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Art Cashin: If trade war starts to look semipermanent, stocks will 'definitely sell off'

Key Points
  • Concerns about trade are weighing on the stock market — and it could get worse, says veteran trader Art Cashin.
  • Traders have "built up hope" for an agreement, which has "put a nice prop under the market," he says.
  • "If it began to look like a semipermanent trade war, the market would definitely sell off."
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Veteran trader Art Cashin on what's dragging down stocks

Concerns about trade are weighing on the stock market — and it could get worse, veteran trader Art Cashin told CNBC on Tuesday.

The Dow Jones Industrial Average fell for the second straight day Tuesday and Cashin pinned the blame on tariff threats between the United States and the European Union. That, in turn, has traders thinking that "maybe the nearness of a deal with China is not there," said the UBS director of floor operations at the New York Stock Exchange.

And if there is no U.S-China deal, that doesn't bode well for stocks, Cashin noted. Traders have "built up hope" for an agreement, which has "put a nice prop under the market." It's done the same with oil, which has been rising along with stocks, he said on "The Exchange. "

"If it began to look like a semipermanent trade war, the market would definitely sell off."

Just how much depends on how long the skirmish goes on. If there is just a "little disappointment we are not moving along in the manner we thought," then stocks could pull back 2% or 3%, Cashin predicted.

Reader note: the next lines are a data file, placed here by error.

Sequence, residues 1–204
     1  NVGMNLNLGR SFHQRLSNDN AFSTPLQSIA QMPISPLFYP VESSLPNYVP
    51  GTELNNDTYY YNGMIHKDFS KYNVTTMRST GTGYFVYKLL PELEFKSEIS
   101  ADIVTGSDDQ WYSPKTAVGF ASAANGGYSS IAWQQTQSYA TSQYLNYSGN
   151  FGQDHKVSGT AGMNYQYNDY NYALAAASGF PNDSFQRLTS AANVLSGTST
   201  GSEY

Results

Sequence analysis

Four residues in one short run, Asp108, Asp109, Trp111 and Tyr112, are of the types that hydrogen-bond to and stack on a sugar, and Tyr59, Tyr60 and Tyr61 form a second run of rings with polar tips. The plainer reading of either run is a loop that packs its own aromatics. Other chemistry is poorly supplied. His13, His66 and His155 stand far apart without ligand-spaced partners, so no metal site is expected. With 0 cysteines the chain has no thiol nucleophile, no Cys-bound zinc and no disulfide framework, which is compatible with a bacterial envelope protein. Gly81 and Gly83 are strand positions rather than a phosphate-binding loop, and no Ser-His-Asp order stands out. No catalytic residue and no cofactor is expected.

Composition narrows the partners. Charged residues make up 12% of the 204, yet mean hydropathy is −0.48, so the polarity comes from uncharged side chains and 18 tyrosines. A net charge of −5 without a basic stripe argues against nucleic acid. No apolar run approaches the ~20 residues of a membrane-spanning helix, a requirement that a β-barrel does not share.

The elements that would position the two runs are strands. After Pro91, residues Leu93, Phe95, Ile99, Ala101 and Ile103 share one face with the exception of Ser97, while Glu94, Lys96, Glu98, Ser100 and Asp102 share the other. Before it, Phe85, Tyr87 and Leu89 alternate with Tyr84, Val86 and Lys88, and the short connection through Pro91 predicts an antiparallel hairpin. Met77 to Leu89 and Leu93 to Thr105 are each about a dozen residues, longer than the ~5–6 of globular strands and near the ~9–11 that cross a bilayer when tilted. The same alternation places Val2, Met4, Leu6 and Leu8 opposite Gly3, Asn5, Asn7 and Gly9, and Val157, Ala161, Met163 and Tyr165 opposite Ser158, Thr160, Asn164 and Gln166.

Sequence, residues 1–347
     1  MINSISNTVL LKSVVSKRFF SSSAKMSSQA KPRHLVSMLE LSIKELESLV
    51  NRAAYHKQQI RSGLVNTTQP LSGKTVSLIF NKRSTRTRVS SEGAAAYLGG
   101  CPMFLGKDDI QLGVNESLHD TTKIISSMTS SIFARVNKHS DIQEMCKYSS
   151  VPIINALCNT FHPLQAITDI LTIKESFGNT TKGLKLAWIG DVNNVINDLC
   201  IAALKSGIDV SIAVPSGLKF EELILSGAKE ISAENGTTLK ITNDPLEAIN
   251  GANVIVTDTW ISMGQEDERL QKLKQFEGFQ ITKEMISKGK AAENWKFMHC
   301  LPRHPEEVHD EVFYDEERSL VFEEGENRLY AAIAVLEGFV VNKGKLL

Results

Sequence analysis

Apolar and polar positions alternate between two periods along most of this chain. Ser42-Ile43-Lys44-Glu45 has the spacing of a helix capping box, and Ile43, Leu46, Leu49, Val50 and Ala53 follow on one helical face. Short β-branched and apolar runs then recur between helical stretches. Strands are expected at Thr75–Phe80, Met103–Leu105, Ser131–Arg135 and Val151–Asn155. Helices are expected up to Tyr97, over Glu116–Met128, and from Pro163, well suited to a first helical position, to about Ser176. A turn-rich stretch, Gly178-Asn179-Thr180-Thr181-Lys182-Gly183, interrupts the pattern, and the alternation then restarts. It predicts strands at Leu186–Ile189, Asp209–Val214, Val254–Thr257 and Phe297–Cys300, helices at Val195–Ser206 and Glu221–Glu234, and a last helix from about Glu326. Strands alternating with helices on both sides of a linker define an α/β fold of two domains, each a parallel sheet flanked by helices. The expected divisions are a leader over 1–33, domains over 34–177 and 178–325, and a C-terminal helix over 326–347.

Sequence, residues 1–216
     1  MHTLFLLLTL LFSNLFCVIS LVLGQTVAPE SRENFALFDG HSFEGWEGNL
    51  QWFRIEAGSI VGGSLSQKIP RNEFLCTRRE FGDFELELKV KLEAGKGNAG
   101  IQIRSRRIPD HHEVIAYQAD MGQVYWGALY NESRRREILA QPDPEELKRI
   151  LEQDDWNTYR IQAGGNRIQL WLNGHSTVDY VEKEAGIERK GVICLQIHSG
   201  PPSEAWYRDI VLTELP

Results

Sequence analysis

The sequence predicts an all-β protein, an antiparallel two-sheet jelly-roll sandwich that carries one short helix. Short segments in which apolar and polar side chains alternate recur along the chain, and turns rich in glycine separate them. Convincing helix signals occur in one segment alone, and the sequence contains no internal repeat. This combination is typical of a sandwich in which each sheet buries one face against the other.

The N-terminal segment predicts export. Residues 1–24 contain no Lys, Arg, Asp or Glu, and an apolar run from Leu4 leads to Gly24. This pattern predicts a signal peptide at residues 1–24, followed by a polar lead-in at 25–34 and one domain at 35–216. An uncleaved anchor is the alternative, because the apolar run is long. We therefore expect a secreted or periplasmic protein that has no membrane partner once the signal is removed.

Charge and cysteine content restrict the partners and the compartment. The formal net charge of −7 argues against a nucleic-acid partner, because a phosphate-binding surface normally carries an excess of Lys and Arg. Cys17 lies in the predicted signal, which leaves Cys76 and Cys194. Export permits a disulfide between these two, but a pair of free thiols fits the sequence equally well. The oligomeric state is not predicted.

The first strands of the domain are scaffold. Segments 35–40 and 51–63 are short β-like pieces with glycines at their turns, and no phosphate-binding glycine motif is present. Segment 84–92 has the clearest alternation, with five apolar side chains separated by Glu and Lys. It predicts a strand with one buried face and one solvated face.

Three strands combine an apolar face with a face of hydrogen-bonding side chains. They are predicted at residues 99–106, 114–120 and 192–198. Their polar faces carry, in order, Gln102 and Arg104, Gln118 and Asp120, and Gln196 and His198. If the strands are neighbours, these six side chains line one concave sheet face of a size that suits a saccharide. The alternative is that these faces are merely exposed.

"If it looks like we are looking at two years or something like that, with us going nose to nose with some major trading partners, then I think the sell-off could be more severe."

Negotiations between the U.S. and China are ongoing. Last week, President Donald Trump said that "we'll know over the next four weeks " if there will be a deal. Meanwhile, Chinese Vice Premier Liu He, who met with Trump last week, said a new consensus has been reached between the two nations on the text of a trade agreement, according to China's official state news agency Xinhua.

However, the focus this week shifted to the European Union. On Monday, the U.S. threatened to impose retaliatory tariffs on EU goods in response to subsidies the 28-nation bloc granted Airbus. The World Trade Organization ruled last year that those subsidies caused "adverse effects" to the U.S. The EU responded to the U.S. threat by saying it was ready to retaliate in kind.

Also, the new trade agreement between the U.S., Canada and Mexico is not a done deal yet. It has yet to be passed by Congress.

For those looking for a safe place to hide out until the trade wars settle down, Cashin said some consumer names might be helpful. He also said some tech stocks could be a good bet, because they are not direct objects in the trade war.

— CNBC Holly Ellyatt contributed to this report.

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